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Hydrogen from solar furnace

Using magnetic separation
(+2, -2)
  [vote for,

A solar furnace can easily reach the thermolysis temperature of water. So by injecting water vapour into the target area, Hydrogen and Oxygen are separated.

The trouble is, as soon as the temperature falls, the gases recombine back to water.

Now it is well known, to those that know, that Oxygen is Paramagnetic (attracted to magnetic fields), and Hydrogen is Diamagnetic (repelled by magnetic fields). My idea is to pass the hot gas through a strong magnetic field to separate the gases, and prevent recombination.

Ling, Mar 29 2006

Hydrogen from Solar Furnace http://adsabs.harva...pe=HTML&format=
Sounds awful similar to me [jhomrighaus, Mar 29 2006]

Again http://www.hydrogen...portation_needs.pdf
Comparing processes [jhomrighaus, Mar 29 2006]

Wont Work http://www.ee.surre...op/advice/coils/mu/
Heres why its not feasible [jhomrighaus, Mar 29 2006]

Plasma saber discussion http://www.exn.ca/s...ars/plasmasaber.cfm
Some basic info about plasmas [Ling, Mar 31 2006]


       I think, but Im not positive that you are operating on a negative energy budget with this approach(ie more energy used than potentially gained and less efficient than other processes) Using the Heat to generate Electricity to under take Electrolysis of the water is probably much more efficient approach. Also see links. The effect that you are hoping to use is infintesimle and at most may cause the gas molecules to align with the field but will not pull them away from one another, especially at the high heat levels used here. in conventional Electrolysis the gases are generated independently at the electrodes, here its all just one big mass.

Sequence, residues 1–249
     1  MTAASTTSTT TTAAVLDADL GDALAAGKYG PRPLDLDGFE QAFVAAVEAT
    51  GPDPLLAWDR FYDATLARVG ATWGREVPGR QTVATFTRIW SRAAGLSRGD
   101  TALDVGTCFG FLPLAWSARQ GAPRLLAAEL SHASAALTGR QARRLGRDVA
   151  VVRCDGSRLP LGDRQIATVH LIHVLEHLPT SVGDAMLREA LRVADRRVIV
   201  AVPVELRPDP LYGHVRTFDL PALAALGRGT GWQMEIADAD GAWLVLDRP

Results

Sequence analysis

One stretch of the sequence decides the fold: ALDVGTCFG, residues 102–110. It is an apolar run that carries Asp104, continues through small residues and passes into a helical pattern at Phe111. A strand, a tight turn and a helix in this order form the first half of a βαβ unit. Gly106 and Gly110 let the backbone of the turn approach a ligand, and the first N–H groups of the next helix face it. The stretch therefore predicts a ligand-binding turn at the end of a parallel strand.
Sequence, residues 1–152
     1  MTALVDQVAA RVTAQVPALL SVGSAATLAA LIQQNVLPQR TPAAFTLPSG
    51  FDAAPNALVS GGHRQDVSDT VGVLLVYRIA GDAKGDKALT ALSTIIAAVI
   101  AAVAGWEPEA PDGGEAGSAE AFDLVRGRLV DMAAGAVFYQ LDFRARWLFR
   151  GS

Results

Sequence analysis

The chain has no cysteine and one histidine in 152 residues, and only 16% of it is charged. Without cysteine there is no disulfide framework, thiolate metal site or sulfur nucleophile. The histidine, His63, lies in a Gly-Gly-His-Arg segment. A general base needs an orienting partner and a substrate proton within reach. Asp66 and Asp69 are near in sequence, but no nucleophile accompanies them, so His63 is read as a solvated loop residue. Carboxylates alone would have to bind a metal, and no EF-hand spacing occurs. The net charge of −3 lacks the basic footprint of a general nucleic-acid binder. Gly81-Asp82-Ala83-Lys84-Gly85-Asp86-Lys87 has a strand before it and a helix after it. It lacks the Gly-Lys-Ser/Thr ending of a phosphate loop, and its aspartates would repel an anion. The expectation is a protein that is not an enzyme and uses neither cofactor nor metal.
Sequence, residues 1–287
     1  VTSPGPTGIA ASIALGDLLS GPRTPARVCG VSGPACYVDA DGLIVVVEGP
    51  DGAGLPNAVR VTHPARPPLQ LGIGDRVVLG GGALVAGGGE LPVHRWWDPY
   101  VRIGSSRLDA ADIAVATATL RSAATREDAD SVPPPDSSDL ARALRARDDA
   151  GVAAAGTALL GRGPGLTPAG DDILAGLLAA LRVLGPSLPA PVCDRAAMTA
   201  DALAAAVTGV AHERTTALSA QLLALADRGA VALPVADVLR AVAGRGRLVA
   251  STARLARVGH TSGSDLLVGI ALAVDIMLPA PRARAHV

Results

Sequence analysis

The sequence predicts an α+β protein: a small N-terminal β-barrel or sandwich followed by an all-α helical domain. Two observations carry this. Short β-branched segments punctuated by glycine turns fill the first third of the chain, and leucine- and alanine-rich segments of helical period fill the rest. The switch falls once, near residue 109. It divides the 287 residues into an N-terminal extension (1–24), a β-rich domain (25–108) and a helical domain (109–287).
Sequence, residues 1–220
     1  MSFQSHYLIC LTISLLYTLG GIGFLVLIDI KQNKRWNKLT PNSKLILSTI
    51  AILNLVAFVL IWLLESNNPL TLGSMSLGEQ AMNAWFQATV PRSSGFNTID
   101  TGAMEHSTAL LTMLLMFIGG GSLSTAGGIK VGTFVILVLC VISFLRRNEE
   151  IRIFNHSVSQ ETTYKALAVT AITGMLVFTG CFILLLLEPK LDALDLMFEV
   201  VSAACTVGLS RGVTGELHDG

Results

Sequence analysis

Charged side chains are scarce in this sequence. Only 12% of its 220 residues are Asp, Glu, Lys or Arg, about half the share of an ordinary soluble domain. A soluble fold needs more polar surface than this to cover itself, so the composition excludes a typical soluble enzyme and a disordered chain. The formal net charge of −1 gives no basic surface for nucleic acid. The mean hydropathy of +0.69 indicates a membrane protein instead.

jhomrighaus, Mar 29 2006

       [jhomrighaus], I don't see anyone using magnetic separation in your links...   

       About the 'won't work':
Yes, the effect is very weak for Hydrogen and Oxygen, but at 2000-3000C: will it be a gas, or individual atoms? An individual hydrogen atom will have a much stronger magnetic moment. I have searched, but have not seen any reference for the magnetic properties at these high temperatures.
One thing that is not good, is that the speed of the atoms obviously gets faster as things get hotter, thereby making magnetic separation more difficult.
Ling, Mar 30 2006

       hence why it I dont think it would work as in the attached links. At 2000 degrees the brownian motion, I would expect to completely eliminate any potential for magnetic separation. Im not really sure but at those temperatures you may be moving towards a plasma state which changes things even more. My point was that the amount of power required to generate the magnetic field would be huge. Using steam generated by heating the water to generate DC current would yield a much more efficient process(as in the links), would allow for ready seperation of Hydrogen and Oxygen(due to simple seperation) and would have the added benfits of not having to contain such intense heats and presures.